04 Sep The Coronavirus Pandemic – The Financial and Market Challenges
As of early July 2020, over 300,000 people had been infected by the novel coronavirus in the UK, out of which 43,000 people had died and counting. The situation is grim and it has taken its toll on the financial market of the UK.
The Financial Express reports that the number of employed people in the UK fell by more than 600,000 between April and May. The vacancies have also plunged by a record low. While many companies have announced permanent layoffs, others are turning to the job retention scheme of the government to keep employees on board.
The British job market was going strong before the pandemic hit. The Office for National Statistics (ONS) found that several employees who were laid off in April are not looking for new positions actively. They are counted as inactive rather than unemployed. There is also a big drop in new recruitments – showing the largest quarterly fall since 2001.
Experts are predicting that Britain’s economy could shrink by up to 10% this year with the deepest recession and massive surge in public borrowing. The numbers are predictions. They are not officially projected due to the uncertainty brought forth by the COVID-19 lockdown imposed by the government – the duration of which might increase, as cases surge.
Predictions for UK’s financial market for 2020
The Office of Budget Responsibility (OBR), has said that the budget deficit could hit 273 billion pounds in the tax year 2020-21. This is nearly five times the previous estimate and equivalent to 14% of gross domestic product.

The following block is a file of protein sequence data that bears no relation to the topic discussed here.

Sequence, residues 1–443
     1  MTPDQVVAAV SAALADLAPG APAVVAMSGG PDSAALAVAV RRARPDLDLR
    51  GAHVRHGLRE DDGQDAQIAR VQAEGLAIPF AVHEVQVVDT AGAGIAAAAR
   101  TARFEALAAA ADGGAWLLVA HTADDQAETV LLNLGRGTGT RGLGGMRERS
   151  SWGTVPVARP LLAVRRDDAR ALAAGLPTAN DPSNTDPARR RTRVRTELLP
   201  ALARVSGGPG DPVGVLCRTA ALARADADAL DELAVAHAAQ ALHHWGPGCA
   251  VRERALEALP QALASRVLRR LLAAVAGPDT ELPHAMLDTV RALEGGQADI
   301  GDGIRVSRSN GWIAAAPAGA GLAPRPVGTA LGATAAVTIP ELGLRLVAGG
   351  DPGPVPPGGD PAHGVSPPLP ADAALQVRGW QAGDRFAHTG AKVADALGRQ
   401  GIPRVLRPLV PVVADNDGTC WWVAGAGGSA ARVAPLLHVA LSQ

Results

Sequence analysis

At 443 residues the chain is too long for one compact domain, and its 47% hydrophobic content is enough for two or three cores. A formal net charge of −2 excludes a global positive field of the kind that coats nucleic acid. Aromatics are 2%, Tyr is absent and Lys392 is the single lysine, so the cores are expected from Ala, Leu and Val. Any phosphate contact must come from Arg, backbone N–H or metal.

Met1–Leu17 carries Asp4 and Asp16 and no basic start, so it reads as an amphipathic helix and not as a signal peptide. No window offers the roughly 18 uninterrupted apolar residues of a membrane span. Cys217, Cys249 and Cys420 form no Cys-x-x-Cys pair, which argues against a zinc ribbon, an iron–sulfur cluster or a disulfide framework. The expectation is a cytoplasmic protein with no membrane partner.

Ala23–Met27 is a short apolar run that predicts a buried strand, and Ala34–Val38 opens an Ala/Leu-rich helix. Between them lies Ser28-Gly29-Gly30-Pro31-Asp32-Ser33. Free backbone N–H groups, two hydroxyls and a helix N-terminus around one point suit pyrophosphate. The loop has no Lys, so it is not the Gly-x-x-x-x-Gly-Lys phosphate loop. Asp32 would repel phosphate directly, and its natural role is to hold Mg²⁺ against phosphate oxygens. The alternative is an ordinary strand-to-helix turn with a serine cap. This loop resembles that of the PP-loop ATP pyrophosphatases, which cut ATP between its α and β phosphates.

In fact, according to BBC, if there was a second peak in the pandemic, the economy of the UK could shrink by as much as 14% – a “crisis that will cast a long shadow over the world,” according to Organisation for Economic Cooperation and Development (OECD).
Additionally, the hopes for the economy to bounce back, as per the earlier forecasts of OECD, or a V-shaped chart, will not happen now. Economists predict that the UK will be the worst hit economy in the world, ahead of France and Italy.
There is good news though, for those who like their glass half-full. In the event of no further peak, the UK will experience the strongest growth. This is predicted at 9%, thanks to a trading economy with tourist and service sectors.
These are difficult times. We pray for the safety and well-being of everyone. Hopefully, we will sail through it with our perseverance and will to survive.